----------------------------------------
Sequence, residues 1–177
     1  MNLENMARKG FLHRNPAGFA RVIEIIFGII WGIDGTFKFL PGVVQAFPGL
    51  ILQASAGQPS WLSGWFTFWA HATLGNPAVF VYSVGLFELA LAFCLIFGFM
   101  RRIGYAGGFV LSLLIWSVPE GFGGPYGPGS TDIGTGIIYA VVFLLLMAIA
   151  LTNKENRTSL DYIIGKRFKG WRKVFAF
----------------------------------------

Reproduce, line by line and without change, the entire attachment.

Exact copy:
Sequence, residues 1–177
     1  MNLENMARKG FLHRNPAGFA RVIEIIFGII WGIDGTFKFL PGVVQAFPGL
    51  ILQASAGQPS WLSGWFTFWA HATLGNPAVF VYSVGLFELA LAFCLIFGFM
   101  RRIGYAGGFV LSLLIWSVPE GFGGPYGPGS TDIGTGIIYA VVFLLLMAIA
   151  LTNKENRTSL DYIIGKRFKG WRKVFAF